Category Archives: Book of Days Calendar

Driving Down, or Your September Book of Days

I’ve put on my overalls and my hat made from sabal palm fronds: September is here and it’s planting time in Lake Worth. Mind you, this is not why your newest Convivio Book of Days calendar is late. It’s late for a number of reasons. Be that as it may, here it is: your Convivio Book of Days calendar for September. Cover star this month: Swiss chard and okra from the summer garden.

Summer is not the time of year we’re supposed to be growing vegetables here in South Florida. It’s a topsy-turvy place in many ways compared to the rest of the country (no laughing, please) and gardening is one of them. We plant in September, harvest all winter long. But come May, conventional wisdom says we lay down the hoe and take a break. But it’s been a strange year, to say the least, and Seth and I, we figured if we’re going to be spending so much time at home, anyway, we may as well plant an experimental summer garden and tend to it best we can. Some crops were an utter and complete failure within a few weeks of sowing seeds: squashes, cucumbers, pole beans, celery. Others, however, well… let’s just say the okra is thriving, as are the beets and the rocket and that Swiss chard. Swiss chard, of all things! How can something so alpine-sounding do so well in the heat and humidity of a Florida summer? Things botanical will always amaze me. And I couldn’t be more pleased: I love Swiss chard. I cook it up like my mom and grandma did (and probably their moms and grandmas): chopped and boiled up in a bit of garlicky tomato, olive oil drizzled on top, seasoned with salt and pepper. Serve it up with some crusty bread, and you have a meal fit for royalty (certainly of the alpine variety).

Speaking of alpine things, it is Drive Down Day today, this 8th of September, in Switzerland and Austria: it is the Feast of the Nativity of Mary and this is traditionally the day that the sheep and cows are driven back from their summer grazing in the mountain meadows to their winter quarters in the valleys below––another sign of summer’s waning. This is done with great pomp and celebration, the animals all adorned in flowers and bells. Across the border in Italy the folks like to eat blueberries today: blue, the traditional color of Mary’s cloak, at least in Italian Renaissance paintings. Lights are illuminated in windows, and bonfires blaze. In France, Mary is celebrated today, in the midst of the grapes ripening on the vine, as Our Lady of the Grape Harvest. Bunches of grapes are brought to churches for the priests to bless and you’ll find lots of grapes this day in the hands of statues of Mary, placed there by Marian devotees and by lovers of wine and by traditionalists like me.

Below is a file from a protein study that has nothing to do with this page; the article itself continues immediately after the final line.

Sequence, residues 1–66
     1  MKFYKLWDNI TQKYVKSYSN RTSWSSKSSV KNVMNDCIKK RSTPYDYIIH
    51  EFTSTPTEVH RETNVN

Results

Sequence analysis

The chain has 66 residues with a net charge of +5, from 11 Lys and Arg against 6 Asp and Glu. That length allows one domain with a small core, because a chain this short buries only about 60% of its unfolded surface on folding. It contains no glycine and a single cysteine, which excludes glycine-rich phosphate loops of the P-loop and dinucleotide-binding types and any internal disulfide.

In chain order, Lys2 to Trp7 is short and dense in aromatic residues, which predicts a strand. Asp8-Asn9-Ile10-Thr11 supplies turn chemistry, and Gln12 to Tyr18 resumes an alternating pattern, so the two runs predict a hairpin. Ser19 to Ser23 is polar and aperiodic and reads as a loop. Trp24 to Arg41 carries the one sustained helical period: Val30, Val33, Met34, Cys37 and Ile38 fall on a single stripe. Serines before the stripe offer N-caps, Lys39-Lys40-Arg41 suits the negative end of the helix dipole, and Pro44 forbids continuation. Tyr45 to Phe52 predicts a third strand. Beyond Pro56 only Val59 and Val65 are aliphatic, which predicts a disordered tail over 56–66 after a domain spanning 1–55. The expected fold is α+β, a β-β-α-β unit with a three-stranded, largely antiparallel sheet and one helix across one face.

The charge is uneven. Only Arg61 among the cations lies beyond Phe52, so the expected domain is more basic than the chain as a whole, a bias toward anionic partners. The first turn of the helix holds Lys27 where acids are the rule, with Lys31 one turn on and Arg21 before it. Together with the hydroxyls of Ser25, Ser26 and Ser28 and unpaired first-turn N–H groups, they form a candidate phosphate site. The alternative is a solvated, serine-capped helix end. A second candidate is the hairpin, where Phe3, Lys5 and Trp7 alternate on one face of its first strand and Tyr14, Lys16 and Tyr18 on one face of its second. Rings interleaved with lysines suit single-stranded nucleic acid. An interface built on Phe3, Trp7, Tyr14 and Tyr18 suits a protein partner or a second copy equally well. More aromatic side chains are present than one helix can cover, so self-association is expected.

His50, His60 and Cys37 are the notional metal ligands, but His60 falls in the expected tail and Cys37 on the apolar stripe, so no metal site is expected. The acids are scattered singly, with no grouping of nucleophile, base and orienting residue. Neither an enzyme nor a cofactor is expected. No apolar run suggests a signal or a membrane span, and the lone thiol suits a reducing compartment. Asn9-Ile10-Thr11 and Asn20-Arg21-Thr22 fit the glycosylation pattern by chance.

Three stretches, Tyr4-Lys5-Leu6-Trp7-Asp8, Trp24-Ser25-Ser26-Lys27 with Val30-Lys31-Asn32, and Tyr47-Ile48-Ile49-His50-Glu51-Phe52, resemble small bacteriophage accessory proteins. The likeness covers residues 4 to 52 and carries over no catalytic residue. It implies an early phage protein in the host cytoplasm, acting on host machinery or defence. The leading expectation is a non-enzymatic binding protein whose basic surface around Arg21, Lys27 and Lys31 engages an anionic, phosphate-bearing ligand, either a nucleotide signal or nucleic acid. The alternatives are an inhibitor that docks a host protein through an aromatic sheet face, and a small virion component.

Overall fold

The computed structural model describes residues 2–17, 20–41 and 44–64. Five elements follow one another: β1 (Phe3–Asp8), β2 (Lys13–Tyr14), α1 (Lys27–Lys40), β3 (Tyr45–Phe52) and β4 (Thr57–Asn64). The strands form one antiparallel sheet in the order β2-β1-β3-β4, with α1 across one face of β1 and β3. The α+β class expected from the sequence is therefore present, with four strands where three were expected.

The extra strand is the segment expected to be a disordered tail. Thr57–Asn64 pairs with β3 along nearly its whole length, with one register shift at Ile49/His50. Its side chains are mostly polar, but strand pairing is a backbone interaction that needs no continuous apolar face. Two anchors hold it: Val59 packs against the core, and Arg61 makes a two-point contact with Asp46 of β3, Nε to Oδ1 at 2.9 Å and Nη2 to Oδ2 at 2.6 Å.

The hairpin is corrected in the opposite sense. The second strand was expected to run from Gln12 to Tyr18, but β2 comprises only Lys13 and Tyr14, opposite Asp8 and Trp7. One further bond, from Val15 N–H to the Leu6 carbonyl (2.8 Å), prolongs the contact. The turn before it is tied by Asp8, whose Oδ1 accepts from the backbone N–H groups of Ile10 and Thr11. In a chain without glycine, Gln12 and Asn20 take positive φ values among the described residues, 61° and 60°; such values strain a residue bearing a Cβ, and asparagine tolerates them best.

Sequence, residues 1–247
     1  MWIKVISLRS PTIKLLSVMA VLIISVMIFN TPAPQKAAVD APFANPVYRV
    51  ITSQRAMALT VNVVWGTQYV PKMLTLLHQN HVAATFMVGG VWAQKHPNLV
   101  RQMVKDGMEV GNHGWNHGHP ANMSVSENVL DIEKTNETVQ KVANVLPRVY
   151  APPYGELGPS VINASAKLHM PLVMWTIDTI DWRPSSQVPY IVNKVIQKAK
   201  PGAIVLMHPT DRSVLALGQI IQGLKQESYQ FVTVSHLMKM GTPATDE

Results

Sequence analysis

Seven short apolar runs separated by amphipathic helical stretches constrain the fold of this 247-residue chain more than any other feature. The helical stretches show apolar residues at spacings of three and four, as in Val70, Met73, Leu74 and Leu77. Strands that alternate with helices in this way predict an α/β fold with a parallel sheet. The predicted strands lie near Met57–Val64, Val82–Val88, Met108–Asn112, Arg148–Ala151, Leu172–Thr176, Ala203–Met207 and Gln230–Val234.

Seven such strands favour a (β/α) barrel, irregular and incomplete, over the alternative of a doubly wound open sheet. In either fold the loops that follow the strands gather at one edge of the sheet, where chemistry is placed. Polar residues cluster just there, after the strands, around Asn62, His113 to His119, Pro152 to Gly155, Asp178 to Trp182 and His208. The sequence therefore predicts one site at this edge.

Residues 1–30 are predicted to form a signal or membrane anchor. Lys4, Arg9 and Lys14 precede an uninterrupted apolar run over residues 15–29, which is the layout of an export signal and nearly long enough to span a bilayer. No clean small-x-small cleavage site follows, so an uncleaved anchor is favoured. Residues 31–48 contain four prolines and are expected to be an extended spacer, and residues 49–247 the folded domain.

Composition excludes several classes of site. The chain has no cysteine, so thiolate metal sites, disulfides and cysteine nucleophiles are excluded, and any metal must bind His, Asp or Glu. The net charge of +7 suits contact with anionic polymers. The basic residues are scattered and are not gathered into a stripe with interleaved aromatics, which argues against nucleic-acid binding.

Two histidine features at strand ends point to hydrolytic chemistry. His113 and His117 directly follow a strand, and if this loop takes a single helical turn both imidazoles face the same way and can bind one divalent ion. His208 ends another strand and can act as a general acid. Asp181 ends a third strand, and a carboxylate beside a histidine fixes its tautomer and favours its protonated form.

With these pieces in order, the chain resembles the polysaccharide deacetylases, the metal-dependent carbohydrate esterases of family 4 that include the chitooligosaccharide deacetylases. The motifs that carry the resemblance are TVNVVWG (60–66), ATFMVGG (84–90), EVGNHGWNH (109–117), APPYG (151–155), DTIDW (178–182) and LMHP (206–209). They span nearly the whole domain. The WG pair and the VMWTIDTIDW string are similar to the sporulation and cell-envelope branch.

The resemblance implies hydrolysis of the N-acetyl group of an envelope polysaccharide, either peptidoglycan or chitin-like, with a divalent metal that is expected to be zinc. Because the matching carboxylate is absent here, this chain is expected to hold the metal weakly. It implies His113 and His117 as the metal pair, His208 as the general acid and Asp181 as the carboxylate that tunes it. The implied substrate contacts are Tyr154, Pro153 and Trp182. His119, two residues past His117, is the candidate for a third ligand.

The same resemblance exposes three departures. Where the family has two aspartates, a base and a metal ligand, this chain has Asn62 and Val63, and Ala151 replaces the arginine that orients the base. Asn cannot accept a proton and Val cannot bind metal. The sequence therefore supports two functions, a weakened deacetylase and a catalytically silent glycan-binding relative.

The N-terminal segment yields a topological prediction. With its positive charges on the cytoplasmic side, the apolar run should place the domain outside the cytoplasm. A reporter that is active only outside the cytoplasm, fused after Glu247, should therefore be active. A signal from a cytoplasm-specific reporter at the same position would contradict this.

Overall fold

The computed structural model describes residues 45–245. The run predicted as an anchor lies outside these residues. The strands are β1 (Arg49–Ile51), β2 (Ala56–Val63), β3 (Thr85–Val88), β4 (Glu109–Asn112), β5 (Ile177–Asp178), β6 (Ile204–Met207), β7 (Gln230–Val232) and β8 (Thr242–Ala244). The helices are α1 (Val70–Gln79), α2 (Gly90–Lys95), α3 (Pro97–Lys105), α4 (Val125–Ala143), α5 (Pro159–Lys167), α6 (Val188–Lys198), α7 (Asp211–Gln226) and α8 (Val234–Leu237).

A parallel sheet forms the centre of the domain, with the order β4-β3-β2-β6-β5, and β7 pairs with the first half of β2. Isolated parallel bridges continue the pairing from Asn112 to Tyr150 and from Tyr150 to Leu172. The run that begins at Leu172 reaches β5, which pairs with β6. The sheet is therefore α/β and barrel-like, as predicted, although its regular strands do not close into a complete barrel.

In this house, though it’s not traditional, but because there is so much of it, the day will certainly involve Swiss chard. I can tell you there’s nothing in the world like opening the garden gate, gathering an armful of chard, and cooking it up for lunch. A great sense of accomplishment and self sufficiency accompanies the meal, making it even more delicious. Plus it is a great portal to memory. I think of Grandpa, who always kept a garden each summer, and I think of Grandma, who cooked the harvest with Mom, and I think as well of Maria, the farmer on Franklin Avenue near our home, an old woman from Italy with rough weathered hands. We would enter her dark wooden farm stand on the driveway, Mom and me. If I remember right, the stand was painted green. Mom would gather what she wanted, and sooner or later, Maria would walk down from the house or the fields to chat as she wrapped Mom’s purchases in newspaper and jute twine. Grandpa just grew the essentials: tomatoes, peppers, eggplant, basil, flat leaf parsley, rocket. But Maria: she grew the Swiss chard.